Racial health disparities are glaringly obvious in the case of prostate cancer where the risk level is roughly 75% higher and the disease is more than twice as deadly in Black people compared to white people. Nevertheless, research studies often have an overrepresentation of white participants, meaning there are often gaps in data that ultimately act as obstacles for change-making processes.
That’s where a new study published in Nature Genetics from scientists at the USC Center for Genetic Epidemiology and the Institute for Cancer Research, London, enters the stage. The study comprises the largest, most diverse genetic analysis for prostate cancer to date, composed of data from over 200,000 men of European, African, Asian, and Hispanic ancestry.
"Our long-term objective is to develop a genetic risk score that can be used to determine a man's risk of developing prostate cancer," said corresponding author Christopher Haiman, ScD, who is both a professor of preventive medicine at the Keck School of Medicine of USC and director of the USC Center for Genetic Epidemiology. "Men at higher risk may benefit from earlier and more frequent screening, so the disease can be identified when it's more treatable."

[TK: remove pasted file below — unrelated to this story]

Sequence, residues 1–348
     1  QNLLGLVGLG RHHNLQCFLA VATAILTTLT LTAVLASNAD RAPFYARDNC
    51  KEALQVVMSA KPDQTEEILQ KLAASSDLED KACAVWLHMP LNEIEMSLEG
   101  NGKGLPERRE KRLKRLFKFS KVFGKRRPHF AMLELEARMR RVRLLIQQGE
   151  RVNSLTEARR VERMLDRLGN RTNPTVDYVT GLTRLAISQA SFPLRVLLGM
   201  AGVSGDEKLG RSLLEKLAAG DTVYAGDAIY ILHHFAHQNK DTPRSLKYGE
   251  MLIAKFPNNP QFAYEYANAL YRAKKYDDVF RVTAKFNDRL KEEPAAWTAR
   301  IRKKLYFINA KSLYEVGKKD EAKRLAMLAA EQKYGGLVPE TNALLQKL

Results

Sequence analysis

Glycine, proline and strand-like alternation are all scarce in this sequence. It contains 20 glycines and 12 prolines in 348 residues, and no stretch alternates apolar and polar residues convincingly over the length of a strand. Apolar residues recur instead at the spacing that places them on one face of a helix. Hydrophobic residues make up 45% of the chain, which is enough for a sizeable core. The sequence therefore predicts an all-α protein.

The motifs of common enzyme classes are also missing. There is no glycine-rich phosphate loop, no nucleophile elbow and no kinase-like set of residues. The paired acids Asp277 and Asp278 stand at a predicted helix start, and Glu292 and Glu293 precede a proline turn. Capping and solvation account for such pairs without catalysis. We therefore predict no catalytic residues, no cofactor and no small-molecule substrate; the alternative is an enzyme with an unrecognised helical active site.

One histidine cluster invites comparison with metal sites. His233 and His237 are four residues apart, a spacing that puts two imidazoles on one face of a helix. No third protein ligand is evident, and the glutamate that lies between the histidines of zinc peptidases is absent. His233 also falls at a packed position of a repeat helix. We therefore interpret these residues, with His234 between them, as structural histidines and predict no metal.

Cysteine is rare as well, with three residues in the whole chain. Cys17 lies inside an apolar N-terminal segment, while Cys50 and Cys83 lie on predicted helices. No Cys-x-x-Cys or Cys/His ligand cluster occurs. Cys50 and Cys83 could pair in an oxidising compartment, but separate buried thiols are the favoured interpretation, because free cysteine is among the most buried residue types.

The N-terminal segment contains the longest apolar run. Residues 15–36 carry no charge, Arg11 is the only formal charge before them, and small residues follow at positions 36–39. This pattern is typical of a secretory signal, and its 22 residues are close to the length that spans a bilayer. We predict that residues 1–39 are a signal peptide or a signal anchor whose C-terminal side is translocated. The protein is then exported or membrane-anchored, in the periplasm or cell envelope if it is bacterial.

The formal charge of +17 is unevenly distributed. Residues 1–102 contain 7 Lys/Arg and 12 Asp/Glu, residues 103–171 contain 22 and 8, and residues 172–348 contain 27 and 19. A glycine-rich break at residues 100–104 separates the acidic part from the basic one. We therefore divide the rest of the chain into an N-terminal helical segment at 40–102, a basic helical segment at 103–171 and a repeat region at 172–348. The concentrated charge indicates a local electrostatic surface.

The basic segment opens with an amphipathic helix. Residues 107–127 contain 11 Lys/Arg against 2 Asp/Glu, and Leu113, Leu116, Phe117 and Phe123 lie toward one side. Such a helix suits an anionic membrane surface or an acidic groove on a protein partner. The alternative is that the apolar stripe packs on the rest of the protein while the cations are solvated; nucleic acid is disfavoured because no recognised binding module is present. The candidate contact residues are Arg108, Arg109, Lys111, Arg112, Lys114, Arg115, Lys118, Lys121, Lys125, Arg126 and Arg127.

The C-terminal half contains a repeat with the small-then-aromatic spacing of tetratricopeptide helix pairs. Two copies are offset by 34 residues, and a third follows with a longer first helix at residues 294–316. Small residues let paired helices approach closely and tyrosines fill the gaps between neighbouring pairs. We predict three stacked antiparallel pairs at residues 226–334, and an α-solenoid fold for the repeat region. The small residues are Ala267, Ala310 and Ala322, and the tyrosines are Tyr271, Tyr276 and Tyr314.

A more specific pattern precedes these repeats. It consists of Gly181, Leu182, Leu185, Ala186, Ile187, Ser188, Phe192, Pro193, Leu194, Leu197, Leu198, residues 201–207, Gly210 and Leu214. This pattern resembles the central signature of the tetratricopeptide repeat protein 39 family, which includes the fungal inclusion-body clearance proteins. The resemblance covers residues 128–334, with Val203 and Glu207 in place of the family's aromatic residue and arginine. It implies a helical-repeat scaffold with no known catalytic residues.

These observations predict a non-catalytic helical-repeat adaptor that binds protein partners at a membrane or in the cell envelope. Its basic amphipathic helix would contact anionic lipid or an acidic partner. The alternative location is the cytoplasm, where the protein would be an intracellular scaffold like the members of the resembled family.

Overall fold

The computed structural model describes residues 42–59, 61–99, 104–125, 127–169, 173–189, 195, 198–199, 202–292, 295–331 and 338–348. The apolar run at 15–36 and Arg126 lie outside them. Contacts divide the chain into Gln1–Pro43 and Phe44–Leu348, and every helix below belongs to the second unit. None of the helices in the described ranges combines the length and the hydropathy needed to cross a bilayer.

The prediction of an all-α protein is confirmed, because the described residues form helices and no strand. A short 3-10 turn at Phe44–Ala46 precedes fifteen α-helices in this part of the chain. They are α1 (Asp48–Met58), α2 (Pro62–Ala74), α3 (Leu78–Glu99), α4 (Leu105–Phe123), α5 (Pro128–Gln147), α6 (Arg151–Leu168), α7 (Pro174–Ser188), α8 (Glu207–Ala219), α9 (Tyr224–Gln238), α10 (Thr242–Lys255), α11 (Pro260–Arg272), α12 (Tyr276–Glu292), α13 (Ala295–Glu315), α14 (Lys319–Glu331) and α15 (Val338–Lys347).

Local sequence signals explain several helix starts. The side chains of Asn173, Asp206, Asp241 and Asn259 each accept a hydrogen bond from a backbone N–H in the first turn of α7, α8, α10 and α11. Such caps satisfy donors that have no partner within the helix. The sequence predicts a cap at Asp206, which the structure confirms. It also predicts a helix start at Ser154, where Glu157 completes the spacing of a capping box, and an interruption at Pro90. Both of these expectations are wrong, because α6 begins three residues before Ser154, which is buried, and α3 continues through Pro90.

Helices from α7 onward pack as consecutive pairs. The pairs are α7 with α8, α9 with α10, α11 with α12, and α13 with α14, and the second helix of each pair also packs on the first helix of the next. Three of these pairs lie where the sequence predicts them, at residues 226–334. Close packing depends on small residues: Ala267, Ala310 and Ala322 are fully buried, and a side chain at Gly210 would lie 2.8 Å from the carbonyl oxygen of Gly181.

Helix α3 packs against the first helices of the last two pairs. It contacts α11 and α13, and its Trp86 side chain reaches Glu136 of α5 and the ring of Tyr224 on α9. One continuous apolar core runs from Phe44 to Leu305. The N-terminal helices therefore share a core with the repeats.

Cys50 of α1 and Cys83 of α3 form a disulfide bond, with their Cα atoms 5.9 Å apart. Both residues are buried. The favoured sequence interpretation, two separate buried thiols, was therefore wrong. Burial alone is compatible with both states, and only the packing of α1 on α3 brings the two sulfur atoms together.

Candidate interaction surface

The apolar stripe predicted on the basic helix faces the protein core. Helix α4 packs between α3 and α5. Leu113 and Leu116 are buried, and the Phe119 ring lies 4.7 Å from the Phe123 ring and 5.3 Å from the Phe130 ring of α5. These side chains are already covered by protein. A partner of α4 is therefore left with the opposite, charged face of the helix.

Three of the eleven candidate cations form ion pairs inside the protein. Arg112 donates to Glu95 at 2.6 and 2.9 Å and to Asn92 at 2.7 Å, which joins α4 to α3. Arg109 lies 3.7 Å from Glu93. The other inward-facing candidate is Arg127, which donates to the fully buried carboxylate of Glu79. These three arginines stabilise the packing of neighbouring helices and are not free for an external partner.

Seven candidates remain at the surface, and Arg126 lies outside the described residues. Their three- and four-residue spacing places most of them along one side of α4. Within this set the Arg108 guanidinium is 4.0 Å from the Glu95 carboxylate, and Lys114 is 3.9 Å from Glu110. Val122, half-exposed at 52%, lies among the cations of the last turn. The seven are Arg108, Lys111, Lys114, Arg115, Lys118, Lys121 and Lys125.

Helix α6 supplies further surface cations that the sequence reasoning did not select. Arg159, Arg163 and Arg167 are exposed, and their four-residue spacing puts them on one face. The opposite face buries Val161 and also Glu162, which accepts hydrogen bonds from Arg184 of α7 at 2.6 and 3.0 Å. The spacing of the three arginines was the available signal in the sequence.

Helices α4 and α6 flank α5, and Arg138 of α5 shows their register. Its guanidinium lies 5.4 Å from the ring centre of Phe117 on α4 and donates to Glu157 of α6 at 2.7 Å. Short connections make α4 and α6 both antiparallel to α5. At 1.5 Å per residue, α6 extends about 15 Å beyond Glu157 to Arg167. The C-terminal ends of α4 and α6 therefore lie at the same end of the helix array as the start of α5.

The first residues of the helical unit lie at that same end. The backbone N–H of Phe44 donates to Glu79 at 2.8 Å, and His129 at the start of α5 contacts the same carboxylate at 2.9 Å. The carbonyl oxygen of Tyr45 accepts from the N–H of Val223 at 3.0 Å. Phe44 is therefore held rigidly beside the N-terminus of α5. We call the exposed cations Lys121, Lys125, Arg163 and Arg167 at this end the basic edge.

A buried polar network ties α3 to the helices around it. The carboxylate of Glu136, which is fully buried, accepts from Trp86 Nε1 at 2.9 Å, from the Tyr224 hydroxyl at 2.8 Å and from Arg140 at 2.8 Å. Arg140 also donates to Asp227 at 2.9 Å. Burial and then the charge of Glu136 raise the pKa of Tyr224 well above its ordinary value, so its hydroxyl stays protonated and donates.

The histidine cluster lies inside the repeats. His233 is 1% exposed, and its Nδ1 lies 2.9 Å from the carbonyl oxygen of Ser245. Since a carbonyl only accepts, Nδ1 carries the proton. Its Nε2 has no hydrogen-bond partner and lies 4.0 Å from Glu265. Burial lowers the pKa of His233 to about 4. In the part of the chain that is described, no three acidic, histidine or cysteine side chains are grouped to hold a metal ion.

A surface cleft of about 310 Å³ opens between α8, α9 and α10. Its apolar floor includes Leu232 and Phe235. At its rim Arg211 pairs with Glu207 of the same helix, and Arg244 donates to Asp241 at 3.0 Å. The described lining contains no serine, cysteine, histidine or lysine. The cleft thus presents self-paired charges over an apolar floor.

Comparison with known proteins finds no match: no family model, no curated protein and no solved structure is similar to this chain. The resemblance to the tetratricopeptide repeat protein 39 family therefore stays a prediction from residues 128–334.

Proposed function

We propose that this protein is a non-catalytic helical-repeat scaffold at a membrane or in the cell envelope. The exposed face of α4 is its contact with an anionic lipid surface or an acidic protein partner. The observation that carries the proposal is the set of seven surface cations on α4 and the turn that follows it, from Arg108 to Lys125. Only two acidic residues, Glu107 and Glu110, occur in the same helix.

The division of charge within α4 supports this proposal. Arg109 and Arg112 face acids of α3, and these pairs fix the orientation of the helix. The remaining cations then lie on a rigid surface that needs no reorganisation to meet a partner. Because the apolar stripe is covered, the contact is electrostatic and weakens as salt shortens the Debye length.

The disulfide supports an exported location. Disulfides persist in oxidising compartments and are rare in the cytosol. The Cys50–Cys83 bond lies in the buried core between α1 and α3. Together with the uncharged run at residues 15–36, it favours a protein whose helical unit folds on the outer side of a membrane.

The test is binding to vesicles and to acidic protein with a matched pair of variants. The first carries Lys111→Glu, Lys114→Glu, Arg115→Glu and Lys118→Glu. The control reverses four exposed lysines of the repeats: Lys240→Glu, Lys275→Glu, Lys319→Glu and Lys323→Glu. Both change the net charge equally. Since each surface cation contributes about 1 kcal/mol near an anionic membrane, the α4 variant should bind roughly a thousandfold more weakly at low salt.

Most significantly, the study contributed 86 previously unidentified genetic variations that increase risk for prostate cancer. Modeling the genetic risks revealed that men of African ancestry inherit roughly twice the prostate cancer risk on average compared to men of European ancestry, while men of Asian ancestry inherit about three-quarters the risk held by European descendants.
This information has the potential to improve health equity and address concerns of healthcare disparities. It also opens up the door to using precision medicine for early detection and screening for prostate cancer.
"We not only found new markers of risk, but also demonstrated that, by combining genetic information across populations, we were able to identify a risk profile that can be applied across populations," said Haiman. "This emphasizes the value of adding multiple racial and ethnic populations into genetic studies.” Haiman hopes to carry out a large-scale clinical trial in order to put the team’s findings into practice. "Most important, unlike previous screening trials, this one would need to be more representative of the diversity we see in the world," Haiman concluded. "No population should get left behind."